is to be found in the personal temperament and situation of the poet. On this point conflicting opinions have been advanced by critics and editors. While some consider Pope as a malignant libeller, others have treated his satirical language as a mere current form of literature, one of his many affectations. Either of these views appears to be too general and absolute.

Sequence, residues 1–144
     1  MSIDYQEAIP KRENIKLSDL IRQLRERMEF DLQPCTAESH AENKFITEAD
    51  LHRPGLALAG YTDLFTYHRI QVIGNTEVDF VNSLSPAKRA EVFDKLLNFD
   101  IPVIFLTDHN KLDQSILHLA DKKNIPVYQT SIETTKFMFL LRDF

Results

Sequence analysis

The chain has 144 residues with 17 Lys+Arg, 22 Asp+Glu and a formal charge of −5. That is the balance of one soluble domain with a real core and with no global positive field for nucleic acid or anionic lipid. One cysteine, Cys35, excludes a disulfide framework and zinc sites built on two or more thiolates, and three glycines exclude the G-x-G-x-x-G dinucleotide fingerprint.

It must be allowed that Pope is not animated by the genuine passion of the social reformer, the burning indignation against wrong and baseness of which Juvenal is often taken as the type. 'Pope was contented enough (De Quincey, Works, vol. ix. p. 21) with society as he found it; bad it might be, but it was good enough for him. It was the merest self-delusion if, at any moment, the instinct of glorying in his satiric mission persuaded him that in his case it might be said, "facit indignatio versum." Pope having no internal principle of wrath boiling in his breast, being really in the most pacific and charitable frame of mind towards all scoundrels whatsoever, was a hypocrite when he conceited himself to be in a dreadful passion with offenders as a body.' Nor was he the cynic or misanthrope soured, like Swift, by disappointment, or goaded, like Churchill, by hard labour. Pope had not a bad heart. His filial piety and steadiness in his friendships are publicly attested, and his many private charities are equally well ascertained. But what Lord Chesterfield said of him (Characters) was equally true, 'he was the most irritable of the genus irritabile. You could never tell what would affront him, and he brooded over particular affronts, scheming revenge in verse. In such cases he was capable of the malice which thirsts for leaving wounds. All those bitter couplets were not impulse or fashion, but meditated stabs of personal vengeance. Besides, though Pope had been well used by the world, and in return liked the world well enough, we must remember that in the period to which the Satires and Epistles belong, he was peculiarly situated with regard to society. His world had been gradually narrowed by death and desertion. Pope had identified himself with the Tory party. During the plenitude of Sir Robert Walpole's power, which almost exactly